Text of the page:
The actual cost of current for Electric Household Appliances is
out of all proportion to the comfort and convenience provided, this
being especially  true  during the  summer months.
Look over this table of hourly cost of operation.
Coffee Percolator
3y2  cents per hour
Electric Grill
4 to Sl/2 cents per hour
Electric Iron
4 to 5 cents
per hour
Electric Washer
3  cents per hour
Electric Toaster
5 cents per hour
N.B.���Appliances used for cooking are operated only a fraction of
an hour per meal. The cost of others depends upon the duration
of their use.
We will be pleased to demonstrate these appliances at our salesrooms.
B. C. ELECTRIC
Carrall and Hastings St.
1138 Granville St. (near Davie)
The
Telephone
THE ADVANCE AGENT OF
Comfort and Convenience
FORMS  A  CLOSER  UNION  OF HOME,
BUSINESS AND FRIENDS.
FOR A LIMITED TIME, BUSINESS AND
RESIDENCE TELEPHONES WILL BE
INSTALLED UPON PAYMENT OF $5.00
RENTAL IN ADVANCE.
FOR PARTICULARS CALL UP
SEYMOUR 6070.
CONTRACT DEPARTMENT
B.C. TELEPHONE CO. LTD.
The Scenic Highway Across the Continent
THROUGH  TICKETS ISSUED
FROM VANCOUVER TO
ALL PARTS OF THE
WORLD
The Popular Route to the���
OLD COUNTRY
HAWAII
AUSTRALIA
ALASKA
CHINA AND
JAPAN
Up-to-date Train Service Between Vancouver and the East.
All trains equipped with Standard and Tourist Sleepers.
m
J. MOE, C. P. A., 434 Hastings St., Vancouver.
C. MILLARD, D.T. A., Vancouver.'
H. W. BRODIE, Gen. Pass. Agent, Vancouver.
A.   K.   Harron
J.  A. Harron
G. M. Williamson
HARRON BROS.
FUNERAL DIRECTORS AND EMBALMERS
Vancouver���Office and Chapel:  1034 Granville St.     Phone Sey. 3486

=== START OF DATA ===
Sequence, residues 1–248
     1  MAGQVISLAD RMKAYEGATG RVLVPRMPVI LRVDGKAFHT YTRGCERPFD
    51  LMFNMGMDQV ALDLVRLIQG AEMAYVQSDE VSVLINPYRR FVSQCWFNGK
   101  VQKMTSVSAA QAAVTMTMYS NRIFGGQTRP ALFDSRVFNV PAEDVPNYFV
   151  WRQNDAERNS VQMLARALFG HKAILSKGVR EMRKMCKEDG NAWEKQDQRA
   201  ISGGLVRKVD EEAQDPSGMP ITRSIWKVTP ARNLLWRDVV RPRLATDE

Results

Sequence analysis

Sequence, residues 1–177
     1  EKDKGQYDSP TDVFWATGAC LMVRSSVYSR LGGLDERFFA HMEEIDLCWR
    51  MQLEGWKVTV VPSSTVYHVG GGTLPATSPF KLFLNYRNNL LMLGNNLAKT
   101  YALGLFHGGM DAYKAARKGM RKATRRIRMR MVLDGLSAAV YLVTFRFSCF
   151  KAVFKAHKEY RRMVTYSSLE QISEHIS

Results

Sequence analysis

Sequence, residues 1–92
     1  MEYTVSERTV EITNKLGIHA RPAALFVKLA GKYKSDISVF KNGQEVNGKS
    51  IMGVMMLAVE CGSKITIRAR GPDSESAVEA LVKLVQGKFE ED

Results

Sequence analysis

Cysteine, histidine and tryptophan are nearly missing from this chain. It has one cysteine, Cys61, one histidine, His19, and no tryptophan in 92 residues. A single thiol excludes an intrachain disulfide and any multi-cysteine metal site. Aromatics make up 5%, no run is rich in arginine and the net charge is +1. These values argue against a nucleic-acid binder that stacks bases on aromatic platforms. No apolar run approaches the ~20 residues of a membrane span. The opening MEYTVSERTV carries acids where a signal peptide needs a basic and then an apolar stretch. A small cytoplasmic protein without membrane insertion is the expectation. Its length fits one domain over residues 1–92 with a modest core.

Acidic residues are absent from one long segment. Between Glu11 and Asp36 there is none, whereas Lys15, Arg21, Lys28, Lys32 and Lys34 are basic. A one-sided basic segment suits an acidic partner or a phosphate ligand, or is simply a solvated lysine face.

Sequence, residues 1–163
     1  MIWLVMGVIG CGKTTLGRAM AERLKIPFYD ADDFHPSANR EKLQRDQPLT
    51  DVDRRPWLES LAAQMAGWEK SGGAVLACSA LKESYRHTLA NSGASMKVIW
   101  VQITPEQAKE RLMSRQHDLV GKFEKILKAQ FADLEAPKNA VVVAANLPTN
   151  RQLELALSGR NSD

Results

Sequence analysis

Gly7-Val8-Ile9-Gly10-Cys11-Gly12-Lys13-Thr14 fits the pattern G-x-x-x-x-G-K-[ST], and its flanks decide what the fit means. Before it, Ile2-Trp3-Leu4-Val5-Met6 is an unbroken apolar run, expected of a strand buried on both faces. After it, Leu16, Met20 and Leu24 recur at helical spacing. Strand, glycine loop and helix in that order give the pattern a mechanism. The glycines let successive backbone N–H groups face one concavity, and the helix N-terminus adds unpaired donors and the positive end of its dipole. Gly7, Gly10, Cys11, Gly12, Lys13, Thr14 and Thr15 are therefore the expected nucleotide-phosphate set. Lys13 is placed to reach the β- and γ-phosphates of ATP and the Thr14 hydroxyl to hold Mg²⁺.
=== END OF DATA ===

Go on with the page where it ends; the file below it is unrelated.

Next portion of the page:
North Vancouver���Office and Chapel: 122 Sixth St. W.     Phone 134
Ottawa, June 11.���Democracy, as it
works out under thc Borden administration, is .c greal riddle. In Canada,
as in other democratic countries, we
elect a parliament which in nun
chooses a  sub-committee  called    Ihe
cabinet.     Counting    C nons    and
Semite. Canada would have, under the
latest Re-distribution Act, some three
hundred and thirty-two kings. But
as thai would be altogether too many
kings for a young country like Canada, we simplify matters by agreeing
to a Cabinet of fifteen members
which is considered plenty, if ihey are
all hard workers and keen on their
job.
This bus been the practice for
years. The people delegate their
authority to three hundred and thirty-
two representatives, thc three hundred and thirty-two representatives
handpick an executive committee of
fifteen, and tin wc have representative government in Highly condensed
and effective form. To bring about
this condensation costs money but it
is conceded to be worth the price.
The pay of Parliament amounts annually to a million dollars, but nobody
would begrudge the money if it Stopped at that,
The Borden Government, however,
has made changes. It believes that
the country is not paying enough for
its ruling classes and to make the bill
larger il shifts a lot of detail to royal
commissions. These commissioners
are not answerable to the people, but
answerable to the party in power.
They give us what Mrs. Partington
would call the boon of free and irresponsible government in its most
expensive shape.
During its first year of office the